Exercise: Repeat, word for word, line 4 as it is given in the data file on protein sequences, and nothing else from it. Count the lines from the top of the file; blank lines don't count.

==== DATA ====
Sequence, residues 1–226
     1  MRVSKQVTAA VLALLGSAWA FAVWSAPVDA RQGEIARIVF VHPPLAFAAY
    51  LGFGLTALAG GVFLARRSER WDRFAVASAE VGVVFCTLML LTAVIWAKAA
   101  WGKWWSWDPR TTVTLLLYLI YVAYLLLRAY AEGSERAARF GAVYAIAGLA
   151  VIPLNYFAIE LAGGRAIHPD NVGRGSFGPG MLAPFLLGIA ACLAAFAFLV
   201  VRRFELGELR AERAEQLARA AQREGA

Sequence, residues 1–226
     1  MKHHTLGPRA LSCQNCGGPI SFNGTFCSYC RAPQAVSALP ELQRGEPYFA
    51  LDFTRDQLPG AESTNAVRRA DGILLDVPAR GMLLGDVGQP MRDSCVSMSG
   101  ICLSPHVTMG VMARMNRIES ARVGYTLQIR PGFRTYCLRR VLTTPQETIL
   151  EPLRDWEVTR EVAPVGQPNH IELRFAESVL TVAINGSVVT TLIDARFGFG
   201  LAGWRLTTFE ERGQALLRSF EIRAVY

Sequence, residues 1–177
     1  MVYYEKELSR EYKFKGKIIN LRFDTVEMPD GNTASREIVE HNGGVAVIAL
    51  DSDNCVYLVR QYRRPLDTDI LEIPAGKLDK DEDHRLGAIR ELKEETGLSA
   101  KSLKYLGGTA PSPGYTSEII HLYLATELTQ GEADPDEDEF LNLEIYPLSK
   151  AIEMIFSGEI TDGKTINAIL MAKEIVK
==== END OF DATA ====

   101  WGKWWSWDPR TTVTLLLYLI YVAYLLLRAY AEGSERAARF GAVYAIAGLA